"The choir responds skilfully under Graham Ross... admirably committed performances from the Choir of Clare College and The Dmitri Ensemble, in very fine sound"
International Record Review | September 2012 John Warrack on The Choir of Clare College, Cambridge and The Dmitri Ensemble's disc of Imogen Holst Choral Works for Harmonia Mundi
'Clare Choir were wonderful in Saint Emilion. I took my father (Barry Brown, 1956) and some friends, it was a searingly hot evening but soothingly cool inside the old Eglise Collegiale. They put on an ambitious programme effortlessly - just beautiful. 'Clare Tooley (1989, nee Brown), former Choral Scholar
Bordeaux Tour - June 2011
'This was one of the occasions when that chemistry was exactly right - as good as any live account of the work I've heard in years. The singing of the London Philharmonic Chorus, with the Choir of Clare College Cambridge forming the semi-chorus, was full-blooded and intense, the playing of the London Philharmonic Orchestra utterly secure. 5 stars - The Guardian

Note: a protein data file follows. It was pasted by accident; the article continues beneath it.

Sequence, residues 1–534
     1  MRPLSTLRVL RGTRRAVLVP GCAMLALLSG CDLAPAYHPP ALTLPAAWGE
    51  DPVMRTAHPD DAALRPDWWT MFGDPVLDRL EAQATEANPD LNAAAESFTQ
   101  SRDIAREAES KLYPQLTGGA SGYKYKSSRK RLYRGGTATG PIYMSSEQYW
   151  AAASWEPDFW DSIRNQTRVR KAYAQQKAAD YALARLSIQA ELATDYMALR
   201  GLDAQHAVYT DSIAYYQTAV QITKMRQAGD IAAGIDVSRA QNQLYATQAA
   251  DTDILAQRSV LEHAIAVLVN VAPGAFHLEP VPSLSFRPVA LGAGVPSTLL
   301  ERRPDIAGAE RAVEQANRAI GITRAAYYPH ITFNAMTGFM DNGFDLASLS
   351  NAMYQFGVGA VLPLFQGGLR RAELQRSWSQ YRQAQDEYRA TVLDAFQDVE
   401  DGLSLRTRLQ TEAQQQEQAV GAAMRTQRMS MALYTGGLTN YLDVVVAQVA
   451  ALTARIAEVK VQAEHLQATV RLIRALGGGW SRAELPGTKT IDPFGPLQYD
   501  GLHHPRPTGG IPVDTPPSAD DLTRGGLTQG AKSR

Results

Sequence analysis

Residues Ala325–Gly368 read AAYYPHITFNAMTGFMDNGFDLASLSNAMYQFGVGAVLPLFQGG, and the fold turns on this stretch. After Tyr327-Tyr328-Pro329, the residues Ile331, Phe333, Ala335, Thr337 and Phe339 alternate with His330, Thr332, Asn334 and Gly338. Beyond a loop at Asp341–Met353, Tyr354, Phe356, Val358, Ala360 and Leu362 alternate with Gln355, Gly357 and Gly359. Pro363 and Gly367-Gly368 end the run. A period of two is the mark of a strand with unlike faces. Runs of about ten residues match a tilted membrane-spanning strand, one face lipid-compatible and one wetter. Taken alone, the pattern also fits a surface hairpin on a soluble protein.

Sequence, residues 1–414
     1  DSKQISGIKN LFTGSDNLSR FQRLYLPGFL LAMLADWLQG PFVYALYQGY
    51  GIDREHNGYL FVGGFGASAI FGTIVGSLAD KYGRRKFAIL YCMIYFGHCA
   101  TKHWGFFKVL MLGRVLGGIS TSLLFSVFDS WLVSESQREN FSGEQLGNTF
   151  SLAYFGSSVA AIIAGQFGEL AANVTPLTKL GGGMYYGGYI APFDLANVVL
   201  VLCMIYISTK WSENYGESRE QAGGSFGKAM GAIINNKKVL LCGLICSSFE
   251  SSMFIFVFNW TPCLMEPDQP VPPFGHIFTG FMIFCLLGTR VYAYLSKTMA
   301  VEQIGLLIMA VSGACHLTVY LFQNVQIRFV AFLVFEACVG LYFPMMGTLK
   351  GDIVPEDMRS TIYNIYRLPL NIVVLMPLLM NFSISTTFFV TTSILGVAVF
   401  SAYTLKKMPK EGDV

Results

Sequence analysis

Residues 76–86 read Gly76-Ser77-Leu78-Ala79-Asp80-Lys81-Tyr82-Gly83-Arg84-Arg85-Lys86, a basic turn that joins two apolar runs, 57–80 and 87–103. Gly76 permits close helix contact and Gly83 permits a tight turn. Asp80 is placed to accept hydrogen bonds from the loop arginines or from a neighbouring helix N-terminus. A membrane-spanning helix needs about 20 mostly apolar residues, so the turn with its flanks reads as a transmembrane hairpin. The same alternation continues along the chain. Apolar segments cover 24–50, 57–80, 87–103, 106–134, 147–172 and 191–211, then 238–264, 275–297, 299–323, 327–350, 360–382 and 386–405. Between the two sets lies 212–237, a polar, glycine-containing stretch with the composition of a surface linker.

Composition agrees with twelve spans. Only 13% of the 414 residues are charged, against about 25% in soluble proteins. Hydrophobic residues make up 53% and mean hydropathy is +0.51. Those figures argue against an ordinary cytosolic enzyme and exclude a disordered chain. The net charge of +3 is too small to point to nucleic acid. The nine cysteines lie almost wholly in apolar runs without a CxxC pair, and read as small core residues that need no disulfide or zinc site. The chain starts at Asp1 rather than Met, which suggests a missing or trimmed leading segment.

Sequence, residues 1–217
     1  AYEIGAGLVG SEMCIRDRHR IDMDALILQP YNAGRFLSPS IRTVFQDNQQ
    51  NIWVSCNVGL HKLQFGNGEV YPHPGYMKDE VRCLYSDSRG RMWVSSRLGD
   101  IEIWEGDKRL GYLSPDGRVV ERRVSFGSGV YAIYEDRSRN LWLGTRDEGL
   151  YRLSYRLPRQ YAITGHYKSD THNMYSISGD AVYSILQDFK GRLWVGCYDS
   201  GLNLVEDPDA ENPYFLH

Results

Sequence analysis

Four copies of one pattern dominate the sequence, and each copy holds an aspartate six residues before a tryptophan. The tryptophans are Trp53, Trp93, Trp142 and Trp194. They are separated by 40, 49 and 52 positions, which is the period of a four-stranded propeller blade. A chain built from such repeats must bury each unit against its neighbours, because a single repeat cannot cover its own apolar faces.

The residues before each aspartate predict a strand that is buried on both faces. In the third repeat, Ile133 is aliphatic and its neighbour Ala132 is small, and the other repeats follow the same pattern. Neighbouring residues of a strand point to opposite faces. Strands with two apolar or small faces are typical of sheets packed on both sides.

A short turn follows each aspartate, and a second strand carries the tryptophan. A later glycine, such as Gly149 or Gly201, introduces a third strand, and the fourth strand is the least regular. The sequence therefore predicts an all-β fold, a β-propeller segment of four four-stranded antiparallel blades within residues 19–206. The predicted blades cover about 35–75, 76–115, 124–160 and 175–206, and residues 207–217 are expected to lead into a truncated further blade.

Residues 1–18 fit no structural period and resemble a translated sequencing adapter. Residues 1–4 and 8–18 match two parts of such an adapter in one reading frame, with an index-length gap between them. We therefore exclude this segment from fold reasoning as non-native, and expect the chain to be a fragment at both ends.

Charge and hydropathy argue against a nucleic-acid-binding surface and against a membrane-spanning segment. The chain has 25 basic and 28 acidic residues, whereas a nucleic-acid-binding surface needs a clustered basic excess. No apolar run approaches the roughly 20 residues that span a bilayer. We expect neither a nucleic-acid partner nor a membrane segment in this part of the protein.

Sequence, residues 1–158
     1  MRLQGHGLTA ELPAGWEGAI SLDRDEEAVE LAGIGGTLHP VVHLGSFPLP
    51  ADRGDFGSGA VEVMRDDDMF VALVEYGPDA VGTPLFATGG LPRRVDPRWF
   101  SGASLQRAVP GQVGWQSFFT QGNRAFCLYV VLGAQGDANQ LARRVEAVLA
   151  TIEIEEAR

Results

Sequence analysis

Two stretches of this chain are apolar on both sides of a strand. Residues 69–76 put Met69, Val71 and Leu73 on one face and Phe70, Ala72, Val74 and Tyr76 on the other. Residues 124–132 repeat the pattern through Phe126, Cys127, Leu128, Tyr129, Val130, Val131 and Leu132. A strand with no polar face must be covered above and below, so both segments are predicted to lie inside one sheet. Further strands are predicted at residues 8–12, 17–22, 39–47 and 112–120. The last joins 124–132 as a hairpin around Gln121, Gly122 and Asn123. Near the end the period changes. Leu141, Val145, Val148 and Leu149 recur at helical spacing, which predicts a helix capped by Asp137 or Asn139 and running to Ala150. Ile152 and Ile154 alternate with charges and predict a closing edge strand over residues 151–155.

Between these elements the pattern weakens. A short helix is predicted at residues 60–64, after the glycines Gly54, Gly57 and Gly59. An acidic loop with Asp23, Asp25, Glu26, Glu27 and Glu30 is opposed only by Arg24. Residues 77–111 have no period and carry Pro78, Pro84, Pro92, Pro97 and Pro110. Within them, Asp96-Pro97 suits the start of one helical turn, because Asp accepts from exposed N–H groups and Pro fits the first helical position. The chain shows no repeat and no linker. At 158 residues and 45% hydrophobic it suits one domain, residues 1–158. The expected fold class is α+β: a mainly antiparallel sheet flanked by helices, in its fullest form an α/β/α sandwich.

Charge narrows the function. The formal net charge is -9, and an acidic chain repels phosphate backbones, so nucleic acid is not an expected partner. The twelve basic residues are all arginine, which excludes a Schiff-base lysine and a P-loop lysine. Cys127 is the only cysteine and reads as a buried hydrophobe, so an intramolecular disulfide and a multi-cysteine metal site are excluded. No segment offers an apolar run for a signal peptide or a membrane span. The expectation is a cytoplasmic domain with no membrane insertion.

'As for the London Philharmonic Choir, reinforced in the centre by the raspberry-robed choir of Clare College, Cambridge, their clear, fervent sounds were always the instruments of bliss.' 4 stars - The Times
The Dream of Gerontius - Royal Festival Hall, London - March 2011
'Lovers of choral music were given a treasurable lesson in sublime ensemble singing by the visiting Choir of Clare College, Cambridge.' - The Daily Page
USA Tour - September 2010
'If you ever needed confirmation of the fantastically high standard of choral singing that exists in the UK, look, or rather hear, no further than the Choir of Clare College, Cambridge.' - Classical Source